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Old 02-19-15, 08:43 AM   #19
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If you look up cyclist in a dictionary, it says------a person that travels by bicycle. It does not say a fully kitted roadie on a $7000 bicycle. So----------in fact little Susie on her sidewalk bike with her pink basket is a cyclist.
No, no, no! Susie would be a kiddie on a bicycle. And the former in your example? Snobs on bikes of course!
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Old 02-19-15, 09:55 AM   #20
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[QUOTE=unterhausen;17564494]I think the best explanation of "PC" is that some people just don't like to be called out when they are impolite in their language choices. Saying "people on bikes" is a technique of manipulation using language. It has the intention of introducing an idea. Saying "cyclists" is ok, we will not be offended[/QUOTE

"some people don't like being called out when they are impolite" I've seen guys "called out" by superiors at work because they ordered Chicken Fried Steak and (milk) Gravy which was "offensive" to certain religious people at the table. PC ?
Another time while we were doing some onerous task at work we were all complaining I said " Oh Well , I guess it beats picking cotton " (a common saying from rural Texas by men , like me , who had as children actually picked cotton in the hot sun day after day ) This was seen as a racial slur ( by young guys that had never even seen a cotton field) Now I call these PC violations and not "insults".
I don't think we're talking about insulting or offending "bicyclist" or "people on bicycles" with our speech. I think this is just suggestions for getting our point across and listened to. For instance at a City Council meeting or Letters to the Editor ect.
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Old 02-19-15, 10:27 AM   #21
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For my first several years as a bicycle commuter, I resisted the label "cyclist." When folks would refer to me as a cyclist, I'd say something along the lines of "I smoke too much to be a cyclist. I'm just a guy who rides a bicycle to work."

It was a slow change, but eventually, I started shaving my legs, wearing lycra, and quit smoking. It was harder for me to resist the label.
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Old 02-19-15, 01:34 PM   #22
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For my first several years as a bicycle commuter, I resisted the label "cyclist." When folks would refer to me as a cyclist, I'd say something along the lines of "I smoke too much to be a cyclist. I'm just a guy who rides a bicycle to work."

It was a slow change, but eventually, I started shaving my legs, wearing lycra, and quit smoking. It was harder for me to resist the label.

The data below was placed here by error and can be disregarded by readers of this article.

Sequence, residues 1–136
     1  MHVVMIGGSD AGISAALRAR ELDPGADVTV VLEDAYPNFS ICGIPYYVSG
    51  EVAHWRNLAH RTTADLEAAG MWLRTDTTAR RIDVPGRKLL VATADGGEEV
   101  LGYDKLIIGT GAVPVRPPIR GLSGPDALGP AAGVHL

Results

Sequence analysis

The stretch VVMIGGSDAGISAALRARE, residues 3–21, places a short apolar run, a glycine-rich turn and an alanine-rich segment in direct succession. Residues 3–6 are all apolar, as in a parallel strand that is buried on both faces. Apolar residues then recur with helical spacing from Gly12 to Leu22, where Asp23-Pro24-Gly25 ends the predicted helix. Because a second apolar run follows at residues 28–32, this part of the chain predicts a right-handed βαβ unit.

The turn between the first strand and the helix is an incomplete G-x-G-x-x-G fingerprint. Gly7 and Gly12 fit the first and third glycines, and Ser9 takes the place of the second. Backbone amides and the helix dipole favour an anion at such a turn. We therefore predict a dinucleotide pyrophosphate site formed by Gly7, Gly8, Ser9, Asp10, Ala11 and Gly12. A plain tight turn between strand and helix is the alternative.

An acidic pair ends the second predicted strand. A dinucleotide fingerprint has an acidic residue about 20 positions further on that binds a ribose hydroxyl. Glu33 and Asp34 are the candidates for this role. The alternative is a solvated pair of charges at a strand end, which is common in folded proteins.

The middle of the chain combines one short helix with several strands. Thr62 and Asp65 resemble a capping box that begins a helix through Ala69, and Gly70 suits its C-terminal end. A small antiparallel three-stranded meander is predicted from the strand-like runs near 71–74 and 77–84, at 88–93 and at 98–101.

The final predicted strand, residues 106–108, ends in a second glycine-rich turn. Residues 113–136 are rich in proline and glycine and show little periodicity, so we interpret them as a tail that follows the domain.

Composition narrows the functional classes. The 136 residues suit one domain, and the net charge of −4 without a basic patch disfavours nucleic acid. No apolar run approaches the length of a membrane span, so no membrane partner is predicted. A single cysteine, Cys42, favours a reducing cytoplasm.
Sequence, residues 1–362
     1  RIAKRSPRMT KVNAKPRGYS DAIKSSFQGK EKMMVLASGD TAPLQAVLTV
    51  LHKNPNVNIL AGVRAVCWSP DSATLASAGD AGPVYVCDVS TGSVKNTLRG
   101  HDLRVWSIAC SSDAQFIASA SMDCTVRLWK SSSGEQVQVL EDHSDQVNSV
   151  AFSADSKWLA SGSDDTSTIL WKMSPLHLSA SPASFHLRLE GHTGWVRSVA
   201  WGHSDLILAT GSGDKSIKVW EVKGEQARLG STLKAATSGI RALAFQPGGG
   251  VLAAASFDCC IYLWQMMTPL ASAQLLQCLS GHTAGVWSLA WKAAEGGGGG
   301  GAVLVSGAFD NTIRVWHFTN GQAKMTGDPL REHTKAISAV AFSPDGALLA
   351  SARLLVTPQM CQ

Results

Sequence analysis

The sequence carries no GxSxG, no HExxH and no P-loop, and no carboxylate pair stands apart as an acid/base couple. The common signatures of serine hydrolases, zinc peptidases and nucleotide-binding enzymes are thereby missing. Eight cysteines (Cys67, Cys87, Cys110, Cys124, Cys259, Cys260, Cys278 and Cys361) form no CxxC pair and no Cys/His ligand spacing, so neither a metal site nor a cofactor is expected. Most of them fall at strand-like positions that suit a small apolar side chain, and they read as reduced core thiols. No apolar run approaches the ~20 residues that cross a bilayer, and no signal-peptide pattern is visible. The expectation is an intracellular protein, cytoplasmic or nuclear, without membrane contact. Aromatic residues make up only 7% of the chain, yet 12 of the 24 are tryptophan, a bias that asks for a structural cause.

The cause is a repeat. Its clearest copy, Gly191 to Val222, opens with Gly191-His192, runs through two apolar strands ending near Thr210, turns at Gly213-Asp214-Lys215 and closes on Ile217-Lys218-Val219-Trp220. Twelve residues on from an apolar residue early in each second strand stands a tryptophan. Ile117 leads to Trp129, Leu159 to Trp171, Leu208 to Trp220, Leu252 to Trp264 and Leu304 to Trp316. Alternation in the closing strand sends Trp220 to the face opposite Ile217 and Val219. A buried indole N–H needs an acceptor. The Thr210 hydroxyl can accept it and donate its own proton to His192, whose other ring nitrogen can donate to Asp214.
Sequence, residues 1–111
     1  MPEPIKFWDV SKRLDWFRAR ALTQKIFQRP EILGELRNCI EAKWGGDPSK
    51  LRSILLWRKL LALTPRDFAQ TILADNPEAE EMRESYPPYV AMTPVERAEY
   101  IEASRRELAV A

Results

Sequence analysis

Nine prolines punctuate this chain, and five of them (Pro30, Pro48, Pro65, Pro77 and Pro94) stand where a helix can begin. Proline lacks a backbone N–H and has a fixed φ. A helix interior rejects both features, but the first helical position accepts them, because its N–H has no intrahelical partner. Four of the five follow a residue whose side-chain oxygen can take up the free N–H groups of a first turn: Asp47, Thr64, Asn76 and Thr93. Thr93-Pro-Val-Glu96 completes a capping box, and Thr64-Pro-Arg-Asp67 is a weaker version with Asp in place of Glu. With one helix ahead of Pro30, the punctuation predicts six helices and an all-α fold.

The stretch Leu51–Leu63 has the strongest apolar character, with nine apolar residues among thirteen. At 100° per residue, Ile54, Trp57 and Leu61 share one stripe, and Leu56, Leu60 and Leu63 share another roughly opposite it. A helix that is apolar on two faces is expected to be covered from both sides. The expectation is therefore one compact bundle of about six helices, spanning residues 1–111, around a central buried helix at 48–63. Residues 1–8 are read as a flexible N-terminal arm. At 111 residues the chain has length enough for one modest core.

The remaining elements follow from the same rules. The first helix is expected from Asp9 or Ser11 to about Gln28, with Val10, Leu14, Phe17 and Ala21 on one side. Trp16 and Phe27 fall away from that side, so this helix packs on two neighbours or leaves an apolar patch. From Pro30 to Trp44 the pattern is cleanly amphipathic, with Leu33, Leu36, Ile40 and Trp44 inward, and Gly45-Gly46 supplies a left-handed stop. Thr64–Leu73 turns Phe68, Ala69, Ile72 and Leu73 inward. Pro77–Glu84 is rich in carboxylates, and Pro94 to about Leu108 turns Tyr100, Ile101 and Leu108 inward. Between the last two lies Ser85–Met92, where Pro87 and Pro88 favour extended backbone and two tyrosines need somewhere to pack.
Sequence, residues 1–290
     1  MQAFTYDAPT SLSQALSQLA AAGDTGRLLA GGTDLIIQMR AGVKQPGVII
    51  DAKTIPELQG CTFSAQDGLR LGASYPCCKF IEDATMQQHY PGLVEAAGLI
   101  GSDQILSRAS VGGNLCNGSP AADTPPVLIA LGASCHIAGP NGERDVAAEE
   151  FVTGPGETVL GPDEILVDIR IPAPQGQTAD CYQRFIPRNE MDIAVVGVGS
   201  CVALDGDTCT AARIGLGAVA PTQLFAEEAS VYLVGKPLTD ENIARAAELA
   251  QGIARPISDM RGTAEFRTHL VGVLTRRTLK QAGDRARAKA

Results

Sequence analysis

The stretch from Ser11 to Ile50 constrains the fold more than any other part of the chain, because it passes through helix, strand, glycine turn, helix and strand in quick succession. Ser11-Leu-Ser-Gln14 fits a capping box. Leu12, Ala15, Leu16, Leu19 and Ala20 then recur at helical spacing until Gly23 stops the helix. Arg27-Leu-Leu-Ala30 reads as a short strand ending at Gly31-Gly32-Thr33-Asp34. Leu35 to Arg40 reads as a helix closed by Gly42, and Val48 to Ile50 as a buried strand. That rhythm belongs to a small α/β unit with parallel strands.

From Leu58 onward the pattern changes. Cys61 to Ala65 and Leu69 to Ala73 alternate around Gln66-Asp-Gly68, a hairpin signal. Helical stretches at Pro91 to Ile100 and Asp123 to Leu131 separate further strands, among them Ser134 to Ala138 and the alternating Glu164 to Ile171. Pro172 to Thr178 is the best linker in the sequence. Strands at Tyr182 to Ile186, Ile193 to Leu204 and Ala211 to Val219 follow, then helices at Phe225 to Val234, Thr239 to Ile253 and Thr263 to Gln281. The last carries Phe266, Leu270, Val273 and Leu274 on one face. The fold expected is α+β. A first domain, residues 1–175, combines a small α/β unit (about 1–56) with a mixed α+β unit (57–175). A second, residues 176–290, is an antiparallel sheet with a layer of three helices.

+1 I resisted the clothing and label for a long time, I had had a bad experience with a real "cyclist" while jogging in S. Fl. Took a while but heat and chaffing and restriction little by little forced me to go over to the very functional bike clothing and I guess the label.

I like your Flying Red Horse avatar. Reminds me of when I was a little kid back in the 40s when we rarely drove to Dallas at night . We would keep watch to see who could be first to spot the Flying Red Horse in the distance ,mounted on the tallest building in Big D. (Or at least the most visible at night )
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Old 02-19-15, 02:05 PM   #23
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...
I like your Flying Red Horse avatar. Reminds me of when I was a little kid back in the 40s when we rarely drove to Dallas at night . We would keep watch to see who could be first to spot the Flying Red Horse in the distance ,mounted on the tallest building in Big D. (Or at least the most visible at night )
Thanks. My grandfather made neon signs for decades in Wichita Falls, so he churned out countless Mobile horses for gas stations in west Texas.
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Old 02-19-15, 02:08 PM   #24
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Thanks. My grandfather made neon signs for decades in Wichita Falls, so he churned out countless Mobile horses for gas stations in west Texas.
Did the horses move? or were they the Mobil logo? (sorry, I really need to build up my resistance to this sort of nonsense)
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Old 02-19-15, 02:17 PM   #25
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Did the horses move? or were they the Mobil logo? (sorry, I really need to build up my resistance to this sort of nonsense)
Sorry. Typo on my part. They were the logo for Mobil Oil (formerly Magnolia Petroleum - the one in the Dallas skyline is at the top of the Magnolia building).